A Writer's Workbook by Caroline Sharp is completely different in tone to Reeves's book, but it offers a similar wealth of ideas.  This book, of the three mentioned here, felt like the most serious, and it's the one I go to when I'm experiencing the gap during revision.  Sharp offers stretching exercises (like warm-ups) then dives right in to very meaty topics, using images as well as word prompts to get you going.  She believes strongly in the daily writing practice and urges writers to start a writing journal or notebook.  Again, so many great prompts within these pages, it'll keep you nourished for years. 


We All Struggle!
This last presentation for your "inspiration" this week is a TED talk by writer Elizabeth Gilbert, famous for her memoir Eat, Pray, Love.  I find it very inspiring to listen to a writer talk about the down side of success, and how there's still the daily struggle with the page.
Elizabeth Gilbert: Your elusive creative genius
Elizabeth Gilbert: Your elusive creative genius

Writing is hard because it's just you and the page, day after day.  This is also its beauty.  Perhaps one of these presentations, prompts, or Paris ideas will inspire you to keep going if your writing has fallen into the gap.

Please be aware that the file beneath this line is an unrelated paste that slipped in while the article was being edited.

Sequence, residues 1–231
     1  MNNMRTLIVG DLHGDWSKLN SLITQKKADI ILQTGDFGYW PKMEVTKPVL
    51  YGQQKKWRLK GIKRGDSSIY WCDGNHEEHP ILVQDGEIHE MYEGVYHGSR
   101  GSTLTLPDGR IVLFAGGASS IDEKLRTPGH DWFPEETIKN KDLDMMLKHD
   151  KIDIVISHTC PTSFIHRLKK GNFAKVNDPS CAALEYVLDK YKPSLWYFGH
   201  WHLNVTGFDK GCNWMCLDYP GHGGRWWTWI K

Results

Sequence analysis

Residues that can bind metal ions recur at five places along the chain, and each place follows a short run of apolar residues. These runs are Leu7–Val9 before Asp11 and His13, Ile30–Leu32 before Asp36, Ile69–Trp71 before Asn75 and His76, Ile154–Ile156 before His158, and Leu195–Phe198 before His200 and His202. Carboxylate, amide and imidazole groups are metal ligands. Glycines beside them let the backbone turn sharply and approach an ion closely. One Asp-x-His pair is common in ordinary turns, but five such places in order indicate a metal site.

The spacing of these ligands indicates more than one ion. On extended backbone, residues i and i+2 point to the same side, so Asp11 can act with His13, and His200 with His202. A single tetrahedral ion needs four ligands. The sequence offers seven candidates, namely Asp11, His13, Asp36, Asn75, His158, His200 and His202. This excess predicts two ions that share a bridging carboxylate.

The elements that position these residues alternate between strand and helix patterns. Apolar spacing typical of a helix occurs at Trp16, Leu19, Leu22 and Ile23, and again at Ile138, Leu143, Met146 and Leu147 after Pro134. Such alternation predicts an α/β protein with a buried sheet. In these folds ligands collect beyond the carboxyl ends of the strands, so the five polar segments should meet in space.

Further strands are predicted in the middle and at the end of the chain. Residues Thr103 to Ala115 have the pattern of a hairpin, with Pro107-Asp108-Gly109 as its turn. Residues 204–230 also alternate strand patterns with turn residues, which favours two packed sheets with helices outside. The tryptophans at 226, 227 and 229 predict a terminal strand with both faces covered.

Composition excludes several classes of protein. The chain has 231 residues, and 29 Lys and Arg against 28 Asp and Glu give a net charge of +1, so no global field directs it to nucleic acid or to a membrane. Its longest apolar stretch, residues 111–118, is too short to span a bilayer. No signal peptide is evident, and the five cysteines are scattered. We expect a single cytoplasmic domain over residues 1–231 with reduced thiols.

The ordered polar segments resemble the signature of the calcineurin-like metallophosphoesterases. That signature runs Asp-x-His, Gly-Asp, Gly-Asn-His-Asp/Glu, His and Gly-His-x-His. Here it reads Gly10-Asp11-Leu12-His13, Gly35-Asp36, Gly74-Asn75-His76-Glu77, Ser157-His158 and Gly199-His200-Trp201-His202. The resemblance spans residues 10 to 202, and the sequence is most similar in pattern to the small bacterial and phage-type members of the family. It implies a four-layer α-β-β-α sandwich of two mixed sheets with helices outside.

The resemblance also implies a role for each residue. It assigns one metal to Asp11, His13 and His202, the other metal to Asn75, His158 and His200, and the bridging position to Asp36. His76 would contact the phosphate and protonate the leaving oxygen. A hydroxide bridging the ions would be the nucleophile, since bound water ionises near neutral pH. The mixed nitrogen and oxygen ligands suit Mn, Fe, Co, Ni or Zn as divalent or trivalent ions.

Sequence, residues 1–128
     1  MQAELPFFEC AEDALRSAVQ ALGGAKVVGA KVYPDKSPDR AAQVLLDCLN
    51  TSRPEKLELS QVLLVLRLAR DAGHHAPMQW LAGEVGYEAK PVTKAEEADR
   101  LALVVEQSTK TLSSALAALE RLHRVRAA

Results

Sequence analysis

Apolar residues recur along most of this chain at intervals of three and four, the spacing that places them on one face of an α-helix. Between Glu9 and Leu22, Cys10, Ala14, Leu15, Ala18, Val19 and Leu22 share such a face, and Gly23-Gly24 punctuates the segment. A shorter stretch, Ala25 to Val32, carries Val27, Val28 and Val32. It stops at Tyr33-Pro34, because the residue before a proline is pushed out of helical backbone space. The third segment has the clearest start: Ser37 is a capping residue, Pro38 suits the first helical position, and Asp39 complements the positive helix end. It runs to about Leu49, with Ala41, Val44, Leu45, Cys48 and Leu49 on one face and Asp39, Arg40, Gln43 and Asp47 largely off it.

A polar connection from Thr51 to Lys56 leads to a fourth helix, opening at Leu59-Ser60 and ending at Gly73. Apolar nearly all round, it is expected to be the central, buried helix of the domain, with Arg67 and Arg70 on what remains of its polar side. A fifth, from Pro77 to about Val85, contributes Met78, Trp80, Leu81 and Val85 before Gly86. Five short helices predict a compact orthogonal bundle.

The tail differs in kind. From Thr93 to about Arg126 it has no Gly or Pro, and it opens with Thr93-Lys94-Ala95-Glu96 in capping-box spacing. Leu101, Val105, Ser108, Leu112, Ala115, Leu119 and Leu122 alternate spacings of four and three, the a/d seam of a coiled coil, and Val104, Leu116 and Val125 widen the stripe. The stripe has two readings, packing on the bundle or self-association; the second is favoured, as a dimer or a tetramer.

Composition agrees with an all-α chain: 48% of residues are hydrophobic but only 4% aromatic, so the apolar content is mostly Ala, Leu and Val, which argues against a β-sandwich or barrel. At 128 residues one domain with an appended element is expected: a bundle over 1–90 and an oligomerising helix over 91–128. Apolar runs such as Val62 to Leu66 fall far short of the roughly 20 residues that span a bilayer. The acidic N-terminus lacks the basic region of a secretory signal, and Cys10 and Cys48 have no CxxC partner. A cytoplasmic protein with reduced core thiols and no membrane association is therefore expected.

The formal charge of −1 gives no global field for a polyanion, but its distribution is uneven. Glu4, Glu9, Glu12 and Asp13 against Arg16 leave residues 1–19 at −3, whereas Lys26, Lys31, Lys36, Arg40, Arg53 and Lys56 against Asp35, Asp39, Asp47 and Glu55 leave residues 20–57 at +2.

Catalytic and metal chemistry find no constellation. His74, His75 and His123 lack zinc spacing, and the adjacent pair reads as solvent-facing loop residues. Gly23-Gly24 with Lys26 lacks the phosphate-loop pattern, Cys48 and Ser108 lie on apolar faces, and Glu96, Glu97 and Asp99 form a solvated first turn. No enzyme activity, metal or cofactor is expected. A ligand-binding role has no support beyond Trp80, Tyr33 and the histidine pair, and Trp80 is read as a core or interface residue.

1. Thank you for sharing reviews on these books. Tho my shelves hold a number of books on writing,I've not read these--and now I want to! I've faced several writing gaps through the years and agree that we all need inspiration :-)

  2. Thanks, Kendra, so happy to pass along books that actually help us write more!

  3. Mary, thank you for introducing the videos, especially Elizabeth Gilbert's. I don't have gaps...I have humongous valleys but I trudge along with inspiration. I keep reminding myself that I will make it happen. Thank you again.

  4. I love that video, Sung. And I totally know about those humongous valleys! Glad you're still moving forward; we need your book.